Much has been made of the Dodgers’ surplus of starting pitching this off-season, but one player who has flown under the radar for much of the talk is Ted Lilly.

Remember him?

The 37-year-old Lilly is entering his final year of a three-year contract that will pay him $13.5 million this season and is coming off a 2012 campaign that saw him make just eight starts.

For the usually dependable Lilly, who had made no less than 25 starts from 2003-2011, last season was an obvious disappointment, but to count him out of the race for the fifth spot in the rotation could be a mistake.

In his first seven starts last season, Lilly posted an ERA of just 1.79 — good for best in the league at the time — with six quality starts. In his final start of the season, Lilly got shelled for 8 runs in 3.1 innings, but even with that outing his season ERA stood at 3.14.

So having not pitched since May of last year, does Lilly really have a chance to regain a spot in the rotation?

In short: absolutely.

For starters, the guy is an excellent pitcher when healthy — as evidenced by his stellar run of starts before getting injured. As far as talent goes, he is definitely ahead of Chris Capuano and Aaron Harang, but just slightly behind Chad Billingsley.

For Billingsley, however, health is also a concern.

Having opted to avoid Tommy John surgery, Billingsley is rolling the dice with a partially torn elbow ligament that all of Los Angeles hopes experiences some miraculous healing.

If Billingsley is healthy it’s tough to imagine a scenario where Billingsley isn’t completing a rotation of Kershaw, Greinke, Beckett and Ryu — but what if he isn’t?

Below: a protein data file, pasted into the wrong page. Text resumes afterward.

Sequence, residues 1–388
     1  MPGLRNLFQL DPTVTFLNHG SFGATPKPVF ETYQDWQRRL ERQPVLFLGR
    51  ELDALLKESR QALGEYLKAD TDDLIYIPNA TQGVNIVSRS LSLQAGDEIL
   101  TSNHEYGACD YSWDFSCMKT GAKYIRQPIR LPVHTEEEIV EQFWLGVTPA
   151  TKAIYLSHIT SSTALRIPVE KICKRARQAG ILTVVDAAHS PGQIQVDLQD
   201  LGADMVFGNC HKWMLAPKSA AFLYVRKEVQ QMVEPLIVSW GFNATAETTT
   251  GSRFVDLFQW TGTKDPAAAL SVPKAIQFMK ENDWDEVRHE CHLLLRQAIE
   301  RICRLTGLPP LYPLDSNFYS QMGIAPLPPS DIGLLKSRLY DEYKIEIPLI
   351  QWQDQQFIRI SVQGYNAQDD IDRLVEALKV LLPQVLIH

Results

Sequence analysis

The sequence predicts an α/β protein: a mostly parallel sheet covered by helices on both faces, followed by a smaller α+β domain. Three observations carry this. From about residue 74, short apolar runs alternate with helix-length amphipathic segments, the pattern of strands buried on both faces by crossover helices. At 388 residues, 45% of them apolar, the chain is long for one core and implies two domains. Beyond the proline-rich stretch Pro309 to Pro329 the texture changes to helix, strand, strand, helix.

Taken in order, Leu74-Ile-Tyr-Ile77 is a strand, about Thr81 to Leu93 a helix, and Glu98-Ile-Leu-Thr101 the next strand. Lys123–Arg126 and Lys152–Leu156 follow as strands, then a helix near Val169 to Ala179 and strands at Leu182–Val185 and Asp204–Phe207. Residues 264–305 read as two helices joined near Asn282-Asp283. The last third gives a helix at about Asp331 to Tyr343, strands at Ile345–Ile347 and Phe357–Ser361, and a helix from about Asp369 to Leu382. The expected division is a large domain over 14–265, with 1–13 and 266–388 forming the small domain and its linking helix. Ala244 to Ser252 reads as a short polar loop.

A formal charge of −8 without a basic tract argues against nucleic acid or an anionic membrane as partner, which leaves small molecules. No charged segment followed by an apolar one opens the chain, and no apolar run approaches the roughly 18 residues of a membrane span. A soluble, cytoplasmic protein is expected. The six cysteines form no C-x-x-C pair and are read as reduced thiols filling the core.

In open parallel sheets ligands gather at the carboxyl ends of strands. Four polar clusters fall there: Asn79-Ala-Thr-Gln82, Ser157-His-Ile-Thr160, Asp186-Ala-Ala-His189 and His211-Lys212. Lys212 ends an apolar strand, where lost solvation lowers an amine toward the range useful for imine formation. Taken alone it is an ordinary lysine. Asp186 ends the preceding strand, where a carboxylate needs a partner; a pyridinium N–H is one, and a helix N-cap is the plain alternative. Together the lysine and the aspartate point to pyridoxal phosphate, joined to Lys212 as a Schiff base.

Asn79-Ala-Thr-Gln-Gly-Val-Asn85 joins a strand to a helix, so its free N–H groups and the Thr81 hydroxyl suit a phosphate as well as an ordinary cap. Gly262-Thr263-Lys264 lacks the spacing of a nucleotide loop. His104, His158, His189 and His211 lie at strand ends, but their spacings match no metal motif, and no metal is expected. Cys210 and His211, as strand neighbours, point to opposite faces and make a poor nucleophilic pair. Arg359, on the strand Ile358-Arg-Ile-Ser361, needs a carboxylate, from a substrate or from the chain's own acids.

The trendy pick is Chris Capuano, who is coming off a career year in 2012, but I also think that Capuano is the pitcher in the group best suited for work out of the bullpen.

The last member of the group is Aaron Harang, who is definitely on the outside looking in of the competition, and appears to be the member of the group most likely to be dealt.

So to sum up, we’ve got a guy who hasn’t pitched in 10 months (Lilly), a guy who’s pitching with remnants of an elbow (Billingsley) and two middle-of-the-road starters coming off career years (Capuano and Harang).

Is too much pitching a luxury? Yes.

Does thinking that make Don Mattingly’s job any easier? Nope.

While the expectation is that Billingsley, if healthy, fills the fifth spot this season, the prospect of Lilly returning to the form he displayed in 2012 is intriguing to say the least. With pitching already a strength in Chavez Ravine, the emergence of a reliable fifth starter will only make 2013 even more promising.